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Use of IGBTs in automated external defibrillators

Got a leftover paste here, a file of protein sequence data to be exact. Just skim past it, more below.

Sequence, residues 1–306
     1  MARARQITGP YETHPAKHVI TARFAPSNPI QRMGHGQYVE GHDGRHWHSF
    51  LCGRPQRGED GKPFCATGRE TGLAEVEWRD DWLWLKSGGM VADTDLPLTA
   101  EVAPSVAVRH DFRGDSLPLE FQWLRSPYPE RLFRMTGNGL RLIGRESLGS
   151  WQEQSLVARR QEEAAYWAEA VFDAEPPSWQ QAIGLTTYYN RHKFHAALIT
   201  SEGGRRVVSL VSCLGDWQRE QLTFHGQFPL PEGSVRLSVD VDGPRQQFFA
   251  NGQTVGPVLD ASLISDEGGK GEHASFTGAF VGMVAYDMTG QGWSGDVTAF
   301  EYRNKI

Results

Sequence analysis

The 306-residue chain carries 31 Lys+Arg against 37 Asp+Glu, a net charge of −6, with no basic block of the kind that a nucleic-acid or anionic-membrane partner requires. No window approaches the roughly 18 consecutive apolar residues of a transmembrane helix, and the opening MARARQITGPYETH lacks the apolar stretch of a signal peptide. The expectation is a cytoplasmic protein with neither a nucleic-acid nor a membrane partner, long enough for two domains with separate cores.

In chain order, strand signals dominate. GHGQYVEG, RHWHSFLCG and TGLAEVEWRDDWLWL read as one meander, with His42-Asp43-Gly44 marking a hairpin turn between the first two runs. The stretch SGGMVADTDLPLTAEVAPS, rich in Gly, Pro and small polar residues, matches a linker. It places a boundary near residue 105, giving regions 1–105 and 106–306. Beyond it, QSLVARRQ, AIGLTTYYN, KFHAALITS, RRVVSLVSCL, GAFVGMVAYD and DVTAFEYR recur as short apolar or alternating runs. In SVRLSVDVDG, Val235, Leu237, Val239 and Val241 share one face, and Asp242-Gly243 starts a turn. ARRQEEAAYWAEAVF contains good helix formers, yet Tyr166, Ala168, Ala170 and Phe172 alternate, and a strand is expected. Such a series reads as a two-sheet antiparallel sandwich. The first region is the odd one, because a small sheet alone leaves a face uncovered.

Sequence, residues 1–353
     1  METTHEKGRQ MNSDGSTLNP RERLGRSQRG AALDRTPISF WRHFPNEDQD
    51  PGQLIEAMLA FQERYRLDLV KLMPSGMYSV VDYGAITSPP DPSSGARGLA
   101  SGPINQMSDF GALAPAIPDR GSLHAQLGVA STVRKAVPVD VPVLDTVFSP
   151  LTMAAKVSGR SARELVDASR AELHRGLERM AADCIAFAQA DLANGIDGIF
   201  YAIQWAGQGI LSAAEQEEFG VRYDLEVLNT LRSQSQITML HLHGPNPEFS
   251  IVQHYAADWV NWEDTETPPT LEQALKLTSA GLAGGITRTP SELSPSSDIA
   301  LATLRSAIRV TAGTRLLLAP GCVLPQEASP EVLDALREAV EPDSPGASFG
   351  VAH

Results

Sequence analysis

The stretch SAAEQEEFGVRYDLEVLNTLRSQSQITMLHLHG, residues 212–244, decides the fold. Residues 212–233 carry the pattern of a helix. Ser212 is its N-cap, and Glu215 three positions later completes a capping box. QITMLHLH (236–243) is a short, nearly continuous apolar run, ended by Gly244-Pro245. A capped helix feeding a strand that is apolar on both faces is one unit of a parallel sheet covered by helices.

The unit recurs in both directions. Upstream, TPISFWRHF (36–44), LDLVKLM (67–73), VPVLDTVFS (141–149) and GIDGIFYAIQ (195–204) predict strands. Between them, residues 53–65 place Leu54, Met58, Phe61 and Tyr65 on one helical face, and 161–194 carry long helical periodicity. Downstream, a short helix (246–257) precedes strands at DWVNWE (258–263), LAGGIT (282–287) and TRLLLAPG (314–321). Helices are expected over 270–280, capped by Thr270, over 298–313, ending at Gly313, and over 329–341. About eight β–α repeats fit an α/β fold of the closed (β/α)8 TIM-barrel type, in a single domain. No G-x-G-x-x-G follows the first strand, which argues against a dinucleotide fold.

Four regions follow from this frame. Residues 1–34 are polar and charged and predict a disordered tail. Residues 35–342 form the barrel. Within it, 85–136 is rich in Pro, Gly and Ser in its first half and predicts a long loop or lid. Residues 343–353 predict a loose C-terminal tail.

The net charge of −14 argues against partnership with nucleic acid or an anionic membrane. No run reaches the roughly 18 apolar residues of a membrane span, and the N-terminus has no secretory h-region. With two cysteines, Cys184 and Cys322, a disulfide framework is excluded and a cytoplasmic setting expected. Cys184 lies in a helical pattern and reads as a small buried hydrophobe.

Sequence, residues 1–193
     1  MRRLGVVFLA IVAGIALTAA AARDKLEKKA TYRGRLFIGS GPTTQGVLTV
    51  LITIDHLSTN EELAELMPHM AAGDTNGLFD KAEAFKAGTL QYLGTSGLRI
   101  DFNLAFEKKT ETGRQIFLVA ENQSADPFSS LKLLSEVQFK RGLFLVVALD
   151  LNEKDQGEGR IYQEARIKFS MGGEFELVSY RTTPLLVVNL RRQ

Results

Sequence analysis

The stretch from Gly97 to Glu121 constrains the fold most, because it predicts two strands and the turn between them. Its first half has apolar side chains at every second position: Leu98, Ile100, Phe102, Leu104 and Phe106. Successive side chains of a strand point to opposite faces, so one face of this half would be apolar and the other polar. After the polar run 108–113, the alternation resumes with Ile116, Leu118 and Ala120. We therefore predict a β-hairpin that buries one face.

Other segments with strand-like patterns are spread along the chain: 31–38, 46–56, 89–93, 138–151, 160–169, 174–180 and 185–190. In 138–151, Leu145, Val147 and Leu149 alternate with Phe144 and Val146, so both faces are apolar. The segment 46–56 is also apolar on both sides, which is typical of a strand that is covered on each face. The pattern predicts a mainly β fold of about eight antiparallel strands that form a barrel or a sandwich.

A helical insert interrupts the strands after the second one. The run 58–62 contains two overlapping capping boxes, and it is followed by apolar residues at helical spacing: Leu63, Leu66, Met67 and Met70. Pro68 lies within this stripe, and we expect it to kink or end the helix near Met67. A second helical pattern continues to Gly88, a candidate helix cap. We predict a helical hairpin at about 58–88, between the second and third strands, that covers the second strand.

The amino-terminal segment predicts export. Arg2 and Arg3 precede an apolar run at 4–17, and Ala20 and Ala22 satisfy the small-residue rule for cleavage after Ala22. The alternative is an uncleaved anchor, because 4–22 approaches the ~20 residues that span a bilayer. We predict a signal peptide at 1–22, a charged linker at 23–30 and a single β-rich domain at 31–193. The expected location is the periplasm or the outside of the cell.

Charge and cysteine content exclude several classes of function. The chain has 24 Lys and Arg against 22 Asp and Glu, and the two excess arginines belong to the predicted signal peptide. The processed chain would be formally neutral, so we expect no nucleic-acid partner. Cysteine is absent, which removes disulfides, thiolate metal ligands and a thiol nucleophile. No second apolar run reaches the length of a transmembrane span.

One of the every four deaths in the advanced world takes place because of cardiac arrest. Eighty-five percent of deaths from sudden cardiac arrest occur due to ventricular fibrillation. Without synchronization of heart muscles, blood flow through the body is interrupted leading to starving oxygen from organs. The victim will almost certainly die within 10 minutes unless aid is provided. A defibrillator applies a dose of electrical energy to the heart muscles which depolarizes a critical mass of the heart muscle, terminates the arrhythmia, and allows normal heart rhythm to be re-established. It is essential that the defibrillator be located close to the victim and be easily operated to provide the life-saving response within 10 minutes. Automated external defibrillators (AED) are now widely deployed in places such as corporate and government offices, shopping centers, airplanes, airports, restaurants, hotels, sports stadiums, schools and universities with a high density of aging populations. The automated external defibrillator is designed to provide simple voice commands to prompt the administration of the live-saving electrical jolt to the victim. According to USA Today, about 450,000 people die each year in the U.S. from sudden cardiac arrest. Among these victims, the American Medical Association (AMA) estimates that more than 100,000 lives can be saved by the availability of modern AEDs enabled by IGBTs. Many companies have made IGBT particularly customized for the implantable defibrillator market.